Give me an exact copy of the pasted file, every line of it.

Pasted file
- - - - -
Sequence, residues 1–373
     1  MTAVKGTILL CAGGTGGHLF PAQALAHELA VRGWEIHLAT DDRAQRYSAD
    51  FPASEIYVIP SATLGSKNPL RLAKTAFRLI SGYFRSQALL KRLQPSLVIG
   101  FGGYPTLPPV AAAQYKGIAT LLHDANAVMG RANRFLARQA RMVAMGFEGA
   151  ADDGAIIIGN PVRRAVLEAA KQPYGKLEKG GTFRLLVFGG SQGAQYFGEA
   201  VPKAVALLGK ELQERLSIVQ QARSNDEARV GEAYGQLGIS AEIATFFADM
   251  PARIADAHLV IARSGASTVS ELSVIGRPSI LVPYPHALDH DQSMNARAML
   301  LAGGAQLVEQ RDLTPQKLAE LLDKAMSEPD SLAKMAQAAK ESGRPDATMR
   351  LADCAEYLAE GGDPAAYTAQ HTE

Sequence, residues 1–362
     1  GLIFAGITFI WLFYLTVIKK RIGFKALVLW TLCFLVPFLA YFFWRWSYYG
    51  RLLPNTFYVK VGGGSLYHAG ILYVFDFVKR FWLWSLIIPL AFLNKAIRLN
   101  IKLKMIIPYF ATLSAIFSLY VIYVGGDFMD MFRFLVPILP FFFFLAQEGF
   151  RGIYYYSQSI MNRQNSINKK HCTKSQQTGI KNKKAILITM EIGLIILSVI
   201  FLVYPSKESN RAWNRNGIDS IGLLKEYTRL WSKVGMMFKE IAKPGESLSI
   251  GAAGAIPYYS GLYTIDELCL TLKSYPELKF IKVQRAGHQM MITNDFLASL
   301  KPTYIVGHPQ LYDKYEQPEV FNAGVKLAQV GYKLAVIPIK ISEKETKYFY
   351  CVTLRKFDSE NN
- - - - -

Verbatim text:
Sequence, residues 1–373
     1  MTAVKGTILL CAGGTGGHLF PAQALAHELA VRGWEIHLAT DDRAQRYSAD
    51  FPASEIYVIP SATLGSKNPL RLAKTAFRLI SGYFRSQALL KRLQPSLVIG
   101  FGGYPTLPPV AAAQYKGIAT LLHDANAVMG RANRFLARQA RMVAMGFEGA
   151  ADDGAIIIGN PVRRAVLEAA KQPYGKLEKG GTFRLLVFGG SQGAQYFGEA
   201  VPKAVALLGK ELQERLSIVQ QARSNDEARV GEAYGQLGIS AEIATFFADM
   251  PARIADAHLV IARSGASTVS ELSVIGRPSI LVPYPHALDH DQSMNARAML
   301  LAGGAQLVEQ RDLTPQKLAE LLDKAMSEPD SLAKMAQAAK ESGRPDATMR
   351  LADCAEYLAE GGDPAAYTAQ HTE

Sequence, residues 1–362
     1  GLIFAGITFI WLFYLTVIKK RIGFKALVLW TLCFLVPFLA YFFWRWSYYG
    51  RLLPNTFYVK VGGGSLYHAG ILYVFDFVKR FWLWSLIIPL AFLNKAIRLN
   101  IKLKMIIPYF ATLSAIFSLY VIYVGGDFMD MFRFLVPILP FFFFLAQEGF
   151  RGIYYYSQSI MNRQNSINKK HCTKSQQTGI KNKKAILITM EIGLIILSVI
   201  FLVYPSKESN RAWNRNGIDS IGLLKEYTRL WSKVGMMFKE IAKPGESLSI
   251  GAAGAIPYYS GLYTIDELCL TLKSYPELKF IKVQRAGHQM MITNDFLASL
   301  KPTYIVGHPQ LYDKYEQPEV FNAGVKLAQV GYKLAVIPIK ISEKETKYFY
   351  CVTLRKFDSE NN